Common Thread Waisted Wasp (Ammophila procera)
Detailing the physical features, habits, territorial reach and other identifying qualities of the Common Thread Waisted Wasp.
Updated: 2/22/2018; Authored By Staff Writer; Content ©www.InsectIdentification.org
The Thread-Waisted Wasp is an active hunter, searching for and paralyzing caterpillars and other insects in order to feed its offspring.
The incredibly narrow 'waist' on this wasp led to its name. The glossy black wasp has a bulging abdomen with a red or orange band near the hair-thin waist. Long, skinny legs are black and allow the wasp to hold onto vegetation while it watches for potential prey. Large, glossy eyes are black and on the sides of the head. Large mouth parts are on the front of the head.
The Thread-Waisted Wasp is an ambush attacker, immobilizing insect prey with a swift venomous sting. Its powerful jaws aid it in carrying or dragging the numb victim back to an underground lair. A relative of Mud Daubers, the Thread-Waisted Wasp builds a similar style of burrow in loose dirt. Inside, tunnels or cells are excavated and the paralyzed prey is tucked inside. One egg is laid on the alive-but-motionless food source, and when the egg hatches, the parasitic wasp larva begins consuming the paralyzed victim, eating nonessential parts first. By the time the meal is complete, the wasp has matured into adult form and flies away from the nest.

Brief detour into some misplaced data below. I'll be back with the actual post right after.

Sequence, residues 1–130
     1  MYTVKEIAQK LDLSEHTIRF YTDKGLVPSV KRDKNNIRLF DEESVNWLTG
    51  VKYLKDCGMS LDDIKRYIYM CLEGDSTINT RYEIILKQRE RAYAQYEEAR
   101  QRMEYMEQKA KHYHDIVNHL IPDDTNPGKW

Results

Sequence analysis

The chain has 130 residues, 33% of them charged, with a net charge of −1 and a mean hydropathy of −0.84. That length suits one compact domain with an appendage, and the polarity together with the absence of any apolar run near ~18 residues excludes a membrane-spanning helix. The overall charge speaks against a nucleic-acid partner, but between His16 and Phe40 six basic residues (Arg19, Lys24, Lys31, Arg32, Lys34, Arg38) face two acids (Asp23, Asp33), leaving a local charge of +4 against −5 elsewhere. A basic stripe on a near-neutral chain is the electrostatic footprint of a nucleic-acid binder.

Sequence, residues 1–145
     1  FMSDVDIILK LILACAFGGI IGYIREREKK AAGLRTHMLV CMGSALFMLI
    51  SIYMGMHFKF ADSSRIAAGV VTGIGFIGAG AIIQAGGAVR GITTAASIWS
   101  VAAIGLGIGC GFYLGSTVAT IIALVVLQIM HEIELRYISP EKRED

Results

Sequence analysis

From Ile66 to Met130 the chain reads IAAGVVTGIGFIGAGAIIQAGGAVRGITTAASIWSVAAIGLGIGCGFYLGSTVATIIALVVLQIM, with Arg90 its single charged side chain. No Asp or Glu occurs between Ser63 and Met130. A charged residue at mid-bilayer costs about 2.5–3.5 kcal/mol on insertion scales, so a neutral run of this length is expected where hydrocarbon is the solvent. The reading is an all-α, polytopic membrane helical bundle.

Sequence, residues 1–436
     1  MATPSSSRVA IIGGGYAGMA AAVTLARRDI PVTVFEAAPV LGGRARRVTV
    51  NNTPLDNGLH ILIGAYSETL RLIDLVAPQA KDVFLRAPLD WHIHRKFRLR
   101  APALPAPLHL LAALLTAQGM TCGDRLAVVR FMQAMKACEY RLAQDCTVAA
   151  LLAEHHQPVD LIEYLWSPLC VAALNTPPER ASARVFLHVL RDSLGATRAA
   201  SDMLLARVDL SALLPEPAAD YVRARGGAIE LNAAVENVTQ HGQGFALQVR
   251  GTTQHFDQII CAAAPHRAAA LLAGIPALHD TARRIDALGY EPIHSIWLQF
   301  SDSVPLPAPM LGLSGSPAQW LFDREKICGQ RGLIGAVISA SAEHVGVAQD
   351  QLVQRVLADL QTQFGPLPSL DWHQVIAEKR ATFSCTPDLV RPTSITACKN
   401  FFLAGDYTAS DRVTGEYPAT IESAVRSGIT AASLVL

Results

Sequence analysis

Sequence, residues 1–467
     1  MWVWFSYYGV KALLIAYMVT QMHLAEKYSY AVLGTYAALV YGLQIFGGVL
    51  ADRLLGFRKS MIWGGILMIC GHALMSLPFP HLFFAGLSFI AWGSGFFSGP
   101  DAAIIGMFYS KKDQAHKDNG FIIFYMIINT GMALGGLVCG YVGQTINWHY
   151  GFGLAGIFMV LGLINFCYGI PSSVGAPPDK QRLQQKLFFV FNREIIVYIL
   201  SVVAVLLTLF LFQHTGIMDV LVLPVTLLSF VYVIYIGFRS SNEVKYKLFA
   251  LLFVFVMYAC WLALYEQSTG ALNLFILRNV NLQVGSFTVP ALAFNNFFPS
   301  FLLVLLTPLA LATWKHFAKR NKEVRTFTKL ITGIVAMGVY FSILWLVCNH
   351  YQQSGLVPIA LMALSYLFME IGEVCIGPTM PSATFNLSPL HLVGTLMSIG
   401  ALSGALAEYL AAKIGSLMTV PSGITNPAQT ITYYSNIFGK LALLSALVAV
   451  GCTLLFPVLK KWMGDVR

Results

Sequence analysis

Adults drink flower nectar and feed on small insects they catch in the open. Since many plant-consuming caterpillars are taken as larvae food, this insect could be considered beneficial to gardeners and farmers. They are not known to be aggressive toward humans, though stepping on, or rough handling may result in a defensive sting.